Professional journalists take note: High school students are paying attention to journalism ethics issues, and they aren’t afraid to point out possible lapses.
The student news site for Anderson County High School in Garnett KS, located about 75 miles southwest of Kansas City, took to its opinion page today to question the balance of reporting on a story aired on KCTV5 News last month. Student journalist Anastasia Shriber, writing for the Bulldog Barker, quotes the SPJ Code of Ethics while suggesting the TV station’s initial reporting fell short in providing the school administration’s side of a story involving the suspension of an eight grade male student for carrying a purse.
One issue central to the opinion piece is whether the station tried hard enough to get both sides of the story.
SPJ’s code of ethics states: “test the accuracy of information from all sources and exercise care to avoid inadvertent error.” Based on Dave Jordan’s first broadcast the only side reported was Davis’ and his mother. Jordan claims to have “went above and beyond to get a response” from the school district’s position. “It’s pretty clear the district, the school, and the individuals involved all knew we were trying to speak with them, and they avoided us,” said Jordan, “That’s unfortunate, but it happens, and in this case, it happened because they chose not to contact us.” Not mentioned by Jordan was the fact that the contact they made was not received until 5:30p.m. and the annual ACHS Fall Sports Award night started at 7p.m.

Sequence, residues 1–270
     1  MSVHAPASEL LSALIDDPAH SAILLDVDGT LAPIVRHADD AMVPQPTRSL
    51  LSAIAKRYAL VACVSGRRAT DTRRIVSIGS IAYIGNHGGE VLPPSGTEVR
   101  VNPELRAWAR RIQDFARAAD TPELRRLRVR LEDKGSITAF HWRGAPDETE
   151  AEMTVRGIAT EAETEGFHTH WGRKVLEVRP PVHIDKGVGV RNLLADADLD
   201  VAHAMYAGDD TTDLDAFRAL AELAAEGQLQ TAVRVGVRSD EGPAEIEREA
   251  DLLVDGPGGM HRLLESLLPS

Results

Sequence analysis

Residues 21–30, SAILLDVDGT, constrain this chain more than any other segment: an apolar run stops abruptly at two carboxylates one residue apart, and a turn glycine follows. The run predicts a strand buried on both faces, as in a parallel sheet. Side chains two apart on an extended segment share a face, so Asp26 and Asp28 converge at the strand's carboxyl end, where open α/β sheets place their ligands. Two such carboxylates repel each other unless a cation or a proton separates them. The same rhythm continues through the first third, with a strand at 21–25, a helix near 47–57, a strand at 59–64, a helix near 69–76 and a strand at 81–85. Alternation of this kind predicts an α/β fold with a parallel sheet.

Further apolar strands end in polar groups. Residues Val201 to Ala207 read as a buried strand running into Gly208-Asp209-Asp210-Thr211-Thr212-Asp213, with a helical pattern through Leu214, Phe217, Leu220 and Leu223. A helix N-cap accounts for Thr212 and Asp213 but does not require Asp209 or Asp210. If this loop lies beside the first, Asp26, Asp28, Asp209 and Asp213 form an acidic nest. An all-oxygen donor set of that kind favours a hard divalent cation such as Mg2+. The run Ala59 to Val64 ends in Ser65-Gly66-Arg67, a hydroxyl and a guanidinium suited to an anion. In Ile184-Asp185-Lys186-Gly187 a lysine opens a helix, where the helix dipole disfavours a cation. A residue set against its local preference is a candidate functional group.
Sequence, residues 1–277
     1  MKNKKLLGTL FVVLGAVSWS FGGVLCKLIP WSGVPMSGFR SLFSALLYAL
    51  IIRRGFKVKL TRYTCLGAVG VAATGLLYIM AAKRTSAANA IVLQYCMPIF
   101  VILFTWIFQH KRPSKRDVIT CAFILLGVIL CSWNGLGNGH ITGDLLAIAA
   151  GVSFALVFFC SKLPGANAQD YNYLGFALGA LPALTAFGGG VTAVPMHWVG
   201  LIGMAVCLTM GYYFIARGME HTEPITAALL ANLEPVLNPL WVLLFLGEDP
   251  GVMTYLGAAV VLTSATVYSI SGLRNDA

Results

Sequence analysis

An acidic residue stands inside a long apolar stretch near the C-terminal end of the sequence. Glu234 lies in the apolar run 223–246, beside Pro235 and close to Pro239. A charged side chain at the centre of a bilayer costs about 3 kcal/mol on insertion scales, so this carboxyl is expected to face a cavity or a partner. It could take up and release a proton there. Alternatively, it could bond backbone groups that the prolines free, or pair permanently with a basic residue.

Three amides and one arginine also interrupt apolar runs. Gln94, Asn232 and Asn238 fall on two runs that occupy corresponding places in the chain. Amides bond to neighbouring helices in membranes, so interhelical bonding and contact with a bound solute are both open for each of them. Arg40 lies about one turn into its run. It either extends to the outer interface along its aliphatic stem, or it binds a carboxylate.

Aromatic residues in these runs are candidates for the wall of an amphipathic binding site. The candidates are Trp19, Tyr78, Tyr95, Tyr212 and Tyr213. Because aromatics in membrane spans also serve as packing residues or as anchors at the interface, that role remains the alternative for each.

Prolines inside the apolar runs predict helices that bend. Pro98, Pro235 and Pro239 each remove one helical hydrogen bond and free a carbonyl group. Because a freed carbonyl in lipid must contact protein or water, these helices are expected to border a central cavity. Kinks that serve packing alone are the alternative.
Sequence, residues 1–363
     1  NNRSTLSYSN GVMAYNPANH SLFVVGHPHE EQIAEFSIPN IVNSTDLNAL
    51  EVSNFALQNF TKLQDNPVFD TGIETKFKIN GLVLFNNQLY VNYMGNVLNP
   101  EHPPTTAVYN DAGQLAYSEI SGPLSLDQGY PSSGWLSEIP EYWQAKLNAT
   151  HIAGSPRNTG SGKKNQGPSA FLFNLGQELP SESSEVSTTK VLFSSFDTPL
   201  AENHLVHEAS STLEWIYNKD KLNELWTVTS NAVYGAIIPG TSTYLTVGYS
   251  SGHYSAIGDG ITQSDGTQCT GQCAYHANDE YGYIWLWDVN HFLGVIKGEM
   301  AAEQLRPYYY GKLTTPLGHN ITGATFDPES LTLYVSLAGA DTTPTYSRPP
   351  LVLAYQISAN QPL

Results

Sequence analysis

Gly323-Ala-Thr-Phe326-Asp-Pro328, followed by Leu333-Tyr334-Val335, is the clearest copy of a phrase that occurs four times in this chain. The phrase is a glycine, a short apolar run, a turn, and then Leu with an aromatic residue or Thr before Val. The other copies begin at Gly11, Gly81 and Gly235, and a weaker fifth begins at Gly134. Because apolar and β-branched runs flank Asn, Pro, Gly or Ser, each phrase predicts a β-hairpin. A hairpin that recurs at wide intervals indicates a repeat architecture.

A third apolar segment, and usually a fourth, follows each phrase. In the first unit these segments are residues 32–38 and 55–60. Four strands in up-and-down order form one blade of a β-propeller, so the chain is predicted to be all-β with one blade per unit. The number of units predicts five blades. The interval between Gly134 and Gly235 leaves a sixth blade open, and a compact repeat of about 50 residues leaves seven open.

There is likely more to this story that can be gathered from this single student op-ed and search of the station’s web archives. Still, it is refreshing to see that high school journalism students are aware of and trying to operate under the SPJ Code of Ethics and that they expect the same of professional journalists.
Viewed through the idealism of student journalists, it comes down to fairness, as is indicated in the op-ed’s last graph.
A lot of people rely on the news for the information they can’t procure firsthand; therefore it’s the direct responsibility of the news station to report with honesty and integrity. The information presented in the article misrepresented the situation and individuals involved, creating tension between the close-knit community of Anderson County and students directly involved with the suspention (sic).
Read the student news site’s op-ed here.
KCTV5″s original story was posted on November 6, and was updated on December 6 (though no indications are readily apparent regarding what exactly was updated). Read KCTV5’s story here.